February 7, 2010:
I’ve washed all my work out clothes….cleaned out my car….stored all my classroom notes and textbooks on the shelf….read the newspaper reports of the graduation and the now fulfilled dreams of my classmates….and slept a full 8 hours last night for the first time in months.
At long last, I can look back at my academy experience and conduct a “Post Incident Review” – an After Action Report of lessons learned, of things that “went right,” and areas where I still need to do some improvement. Here are some of the significant results of my final personal “mental size up” on my academy experience:
- The academy broadened my perspective of what we (I) ask Firefighters to do everyday. From the tools I provide them with, to the rigs they drive, to the buildings they are expected to search, vent, rescue from, and extinguish fires in, to the procedures and training I provide them with, I have been exposed first hand to many of the challenges and obstacles they face everyday. I know that exposure and this academy has broadened perspective immensely. My academy experience will make me a better fire chief and help me make better decisions. Those decisions will be more “firefighter-based” in the future, and there will be an increased effort to improve the resources for, and the safety of, our firefighters.
- My appreciation for firefighters and the work they do was already at a high level before entering the academy. That appreciation is markedly deeper today. Until you’ve humped the hoses, crawled down the hallways, climbed on the ladders, and experienced the frozen fingers, pain in the knees, sucked the air, donned the gear, carried the load, and faced the challenges of running out of air inside a building or jumping out the window onto a ladders slide to the ground, you cannot fully appreciate the strength of body, focus of the mind, and drive of the heart needed to do this job well. I will be looking at the men and women around me now with a deeper understanding and respect thanks to having walked in their boots for a mile or two.
- Anyone who is preparing for the academy would be well-advised to be in great shape before they arrive on day one! Cardio-vascular endurance and muscle endurance is critical...muscle mass is less so. Do a variety of exercises, as firefighting puts your body into a variety of situations and movements not found on the typical weight machine or universal gym.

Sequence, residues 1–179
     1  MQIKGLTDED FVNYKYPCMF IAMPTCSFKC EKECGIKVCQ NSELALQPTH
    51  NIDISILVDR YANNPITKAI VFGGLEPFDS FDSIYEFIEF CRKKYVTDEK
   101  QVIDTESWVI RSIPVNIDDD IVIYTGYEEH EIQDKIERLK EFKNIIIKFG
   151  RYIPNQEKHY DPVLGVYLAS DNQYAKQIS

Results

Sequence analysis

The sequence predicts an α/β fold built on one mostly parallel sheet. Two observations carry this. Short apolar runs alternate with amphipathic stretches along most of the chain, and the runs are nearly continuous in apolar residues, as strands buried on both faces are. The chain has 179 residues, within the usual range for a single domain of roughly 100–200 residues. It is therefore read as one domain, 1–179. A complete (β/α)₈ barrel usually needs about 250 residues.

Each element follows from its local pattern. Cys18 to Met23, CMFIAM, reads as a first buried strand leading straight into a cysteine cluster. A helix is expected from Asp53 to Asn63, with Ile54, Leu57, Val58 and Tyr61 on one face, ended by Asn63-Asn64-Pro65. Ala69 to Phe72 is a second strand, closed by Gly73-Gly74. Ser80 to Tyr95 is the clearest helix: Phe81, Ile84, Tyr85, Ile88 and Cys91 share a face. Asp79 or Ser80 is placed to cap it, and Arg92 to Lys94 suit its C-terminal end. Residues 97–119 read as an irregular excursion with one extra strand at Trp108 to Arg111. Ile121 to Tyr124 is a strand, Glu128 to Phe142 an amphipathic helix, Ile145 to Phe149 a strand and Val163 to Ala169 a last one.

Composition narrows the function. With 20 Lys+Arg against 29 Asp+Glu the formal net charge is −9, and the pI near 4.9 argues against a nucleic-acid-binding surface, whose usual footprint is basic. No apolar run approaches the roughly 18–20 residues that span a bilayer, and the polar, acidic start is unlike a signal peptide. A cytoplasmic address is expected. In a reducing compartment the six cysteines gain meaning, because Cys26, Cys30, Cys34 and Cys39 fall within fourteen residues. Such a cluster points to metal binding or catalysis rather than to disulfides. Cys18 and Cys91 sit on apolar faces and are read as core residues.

- Give the academy a full time commitment. Ensure you have 1-2 hours extra in the evening to study and practice the practical physical exams. Some of my classmates worked out 2 and 3 times a day, and many of us crashed in exhaustion early in the evenings. Time is precious, and none can be wasted while in the academy. Your family should expect that you’ll be largely unavailable for them for the 13 weeks, and you must prepare them to handle the household without you for much of that time.
- Prepare for the practical exams by getting the mechanics of the movements down and practicing for speed and proficiency. Donning your PPE and air packs correctly and FAST is vital, as is chopping with the axe, tying knots for hoisting, and pulling hose/dummies/weights with your arms. Practice some skills that require fine motor skill when you’re shaking with exhaustion until the movements become automatic. Create your own “back yard” props if you have to. I created one for the flat chop, hose back lay, dummy drag, and Keiser. If I can do it, YOU can do it!
- Your heart has to be in this. It’s too hard to complete a 13 week academy if you’re not REALLY into it. Jump in with both feet and a “burning” desire to attain that Firefighter’s badge!
My own academy experience is done, but I too know that it’s only the first step of a long journey. I intend to keep growing my skills and keeping in shape. I have enrolled in the 36-month apprenticeship training program and intend to complete that journey with my classmates. That program includes both college-level classes and practical tests (like our quarterly practical exams), so I’ll have to stay in top shape for the next several years.